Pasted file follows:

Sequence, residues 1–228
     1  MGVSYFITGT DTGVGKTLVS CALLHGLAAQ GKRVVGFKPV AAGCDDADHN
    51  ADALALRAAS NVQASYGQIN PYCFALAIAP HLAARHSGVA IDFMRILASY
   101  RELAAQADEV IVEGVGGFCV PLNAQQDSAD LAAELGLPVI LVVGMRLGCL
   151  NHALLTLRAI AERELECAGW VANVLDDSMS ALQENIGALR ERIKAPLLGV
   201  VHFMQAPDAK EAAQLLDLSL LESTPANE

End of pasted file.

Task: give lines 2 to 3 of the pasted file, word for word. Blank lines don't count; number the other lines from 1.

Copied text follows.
     1  MGVSYFITGT DTGVGKTLVS CALLHGLAAQ GKRVVGFKPV AAGCDDADHN
    51  ADALALRAAS NVQASYGQIN PYCFALAIAP HLAARHSGVA IDFMRILASY